Not the kind of watching over someone wants

Daisy Reyes Guzman

Daisy Reyes-Guzman

After my house was broken into, it didn’t feel like home anymore. It took a while for the creepy feeling to go away.

My family and I had come back from church Sunday afternoon to the front door being kicked in. Immediately my mouth went dry. My anxiety kicked in.

I could see the mark the person’s foot left on our white front door.

Everyone checked their room for any missing items. The TVs were still there. My iPod was still on my bed. I headed to my mother’s room and I immediately saw her eyes filled with sadness. They had stolen her gold jewelry.

That’s all they took.

We reported the break-in to the police, but there wasn’t much they could do about the gold pieces. I knew my mother was upset, not because of the gold itself, but because each piece had sentimental value.

The police officer had informed my parents that many break-ins have been reported within the past week and only gold was being taken. I thought it would be the police’s job to warn neighborhoods of these type of things. A flier would have been nice.

In this case, I guess I was wrong.

Maybe then my mother would have kept her jewelry in a more secure place. Although I don’t think a person should have to worry about taking off a pair of gold earrings and leaving them on the nightstand in their own home. I lived in a good neighborhood with good people who lent each other a hand or gave a cup of sugar when needed. This incident changed the way my neighbors interacted with one another.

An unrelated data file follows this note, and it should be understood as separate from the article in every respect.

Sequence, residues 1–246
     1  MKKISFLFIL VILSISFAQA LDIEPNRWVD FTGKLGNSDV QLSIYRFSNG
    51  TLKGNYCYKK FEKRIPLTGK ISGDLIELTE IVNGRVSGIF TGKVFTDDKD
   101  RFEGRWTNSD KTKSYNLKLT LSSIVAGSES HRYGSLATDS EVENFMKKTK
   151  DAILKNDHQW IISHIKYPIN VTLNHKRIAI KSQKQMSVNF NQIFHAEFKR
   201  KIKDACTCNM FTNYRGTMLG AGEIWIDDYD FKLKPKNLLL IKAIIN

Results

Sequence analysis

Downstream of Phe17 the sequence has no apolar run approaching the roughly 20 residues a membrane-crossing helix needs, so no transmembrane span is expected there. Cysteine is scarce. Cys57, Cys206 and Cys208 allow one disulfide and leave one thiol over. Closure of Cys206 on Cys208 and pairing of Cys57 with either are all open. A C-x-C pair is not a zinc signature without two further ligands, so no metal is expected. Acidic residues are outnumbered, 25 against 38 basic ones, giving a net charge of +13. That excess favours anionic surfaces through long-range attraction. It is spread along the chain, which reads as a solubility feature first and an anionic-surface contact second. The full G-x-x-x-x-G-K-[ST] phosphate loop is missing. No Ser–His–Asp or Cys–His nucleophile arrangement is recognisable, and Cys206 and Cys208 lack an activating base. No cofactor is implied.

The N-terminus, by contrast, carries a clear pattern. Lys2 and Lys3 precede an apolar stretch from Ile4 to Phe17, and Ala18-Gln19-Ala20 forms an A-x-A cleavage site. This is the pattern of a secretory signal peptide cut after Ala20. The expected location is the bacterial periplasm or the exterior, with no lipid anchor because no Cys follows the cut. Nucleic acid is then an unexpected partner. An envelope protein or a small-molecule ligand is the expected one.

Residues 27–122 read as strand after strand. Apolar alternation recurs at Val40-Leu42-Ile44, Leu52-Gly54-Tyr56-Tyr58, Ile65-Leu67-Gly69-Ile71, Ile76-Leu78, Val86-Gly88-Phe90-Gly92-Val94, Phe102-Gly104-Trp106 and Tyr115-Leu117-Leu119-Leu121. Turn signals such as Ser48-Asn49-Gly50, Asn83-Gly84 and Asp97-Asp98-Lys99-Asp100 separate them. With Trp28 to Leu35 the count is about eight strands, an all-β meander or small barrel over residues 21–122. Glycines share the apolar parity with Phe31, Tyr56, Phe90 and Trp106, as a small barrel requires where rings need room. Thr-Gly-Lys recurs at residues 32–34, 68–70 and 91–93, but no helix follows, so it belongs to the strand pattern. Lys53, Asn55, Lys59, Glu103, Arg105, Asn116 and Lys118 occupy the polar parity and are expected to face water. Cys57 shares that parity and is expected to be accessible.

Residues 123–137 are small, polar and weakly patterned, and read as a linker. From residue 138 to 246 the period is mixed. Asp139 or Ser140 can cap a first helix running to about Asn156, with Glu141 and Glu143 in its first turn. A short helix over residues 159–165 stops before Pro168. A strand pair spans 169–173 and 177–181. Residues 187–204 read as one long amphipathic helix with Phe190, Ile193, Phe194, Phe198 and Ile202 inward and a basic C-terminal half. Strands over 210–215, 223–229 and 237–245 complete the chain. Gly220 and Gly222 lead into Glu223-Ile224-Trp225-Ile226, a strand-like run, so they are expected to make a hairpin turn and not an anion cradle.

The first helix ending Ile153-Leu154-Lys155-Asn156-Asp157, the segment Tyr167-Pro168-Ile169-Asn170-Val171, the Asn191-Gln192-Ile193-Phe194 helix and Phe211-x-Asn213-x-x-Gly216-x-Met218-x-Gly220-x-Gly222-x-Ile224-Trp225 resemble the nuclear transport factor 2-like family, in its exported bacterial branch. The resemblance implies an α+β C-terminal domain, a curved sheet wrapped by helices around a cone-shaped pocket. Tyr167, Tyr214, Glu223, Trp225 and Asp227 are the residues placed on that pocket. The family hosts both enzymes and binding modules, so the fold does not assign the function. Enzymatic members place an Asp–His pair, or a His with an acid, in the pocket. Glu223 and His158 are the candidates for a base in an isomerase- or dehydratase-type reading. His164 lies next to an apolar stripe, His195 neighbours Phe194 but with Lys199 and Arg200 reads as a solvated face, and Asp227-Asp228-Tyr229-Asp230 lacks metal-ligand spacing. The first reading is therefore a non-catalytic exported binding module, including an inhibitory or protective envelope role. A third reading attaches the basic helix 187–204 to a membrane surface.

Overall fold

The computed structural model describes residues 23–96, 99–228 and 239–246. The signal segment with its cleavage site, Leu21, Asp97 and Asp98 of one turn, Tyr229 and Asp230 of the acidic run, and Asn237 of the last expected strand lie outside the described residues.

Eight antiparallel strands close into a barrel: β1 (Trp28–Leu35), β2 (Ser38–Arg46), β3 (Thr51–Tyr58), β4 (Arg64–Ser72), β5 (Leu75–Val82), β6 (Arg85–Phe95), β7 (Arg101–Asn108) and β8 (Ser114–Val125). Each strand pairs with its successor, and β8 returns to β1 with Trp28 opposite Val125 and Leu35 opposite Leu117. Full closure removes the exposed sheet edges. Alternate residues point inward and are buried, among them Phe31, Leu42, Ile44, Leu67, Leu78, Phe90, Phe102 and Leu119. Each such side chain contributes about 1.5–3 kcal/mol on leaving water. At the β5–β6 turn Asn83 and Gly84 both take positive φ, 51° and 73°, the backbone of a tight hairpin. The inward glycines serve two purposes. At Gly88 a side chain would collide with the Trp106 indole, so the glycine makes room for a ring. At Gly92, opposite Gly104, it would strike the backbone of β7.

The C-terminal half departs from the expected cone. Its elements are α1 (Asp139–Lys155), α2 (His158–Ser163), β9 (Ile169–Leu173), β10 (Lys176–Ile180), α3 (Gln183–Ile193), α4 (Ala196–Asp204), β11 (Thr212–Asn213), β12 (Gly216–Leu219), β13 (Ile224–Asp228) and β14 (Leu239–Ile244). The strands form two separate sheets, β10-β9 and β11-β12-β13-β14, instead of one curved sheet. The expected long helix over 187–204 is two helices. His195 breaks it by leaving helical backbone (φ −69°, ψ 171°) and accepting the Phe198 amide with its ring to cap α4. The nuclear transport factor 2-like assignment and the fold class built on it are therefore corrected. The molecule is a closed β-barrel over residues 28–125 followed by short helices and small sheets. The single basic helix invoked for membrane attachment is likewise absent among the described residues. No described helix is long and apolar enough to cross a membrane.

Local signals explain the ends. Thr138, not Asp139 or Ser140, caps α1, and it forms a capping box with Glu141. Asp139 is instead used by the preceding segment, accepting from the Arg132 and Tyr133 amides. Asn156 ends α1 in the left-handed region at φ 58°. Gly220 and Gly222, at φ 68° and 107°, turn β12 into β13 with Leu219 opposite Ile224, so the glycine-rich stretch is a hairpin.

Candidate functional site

Having my home broken into was a violation of my security, and there wasn’t anything I could do to go back in time to make sure my mother’s gold was safe.

I thought it would’ve been safe, and I’m sure my mother did too.

It was a weird feeling to process. A stranger forced their way into my home, my safe place. If someone was successful in breaking into my home, then another person could do the same.

My father fixed the front and back doors to be more secure. Security systems are expensive, and we are not able to fit them in our tight budget, so our only choice was to make sure the doors were locked when the house was empty or at night — even though this robbery took place during the day.

My mother claims whoever broke in had to be watching to see what time we would leave and also had to know she owned gold jewelry. It was the perfect day too. Most of my neighbors aren’t home on Sundays. Even then, my mother asked around if they had seen anything suspicious. As expected, no one was home around the time we were gone.

I had to get over suspecting my neighbors watching us, waiting for our home to be empty just so they could come in and take whatever they want. The thoughts left my mind as I had no other choice but to continue my everyday routine.

I’m grateful that it wasn’t as bad as it could have been, but I do think police need to step up their game and inform people of the rise of criminal activity in their neighborhoods. Burglars not only steal TVs, money, or gold, but they take the inhabitant’s sense of security.

Daisy Reyes-Guzman is a mass communication freshman.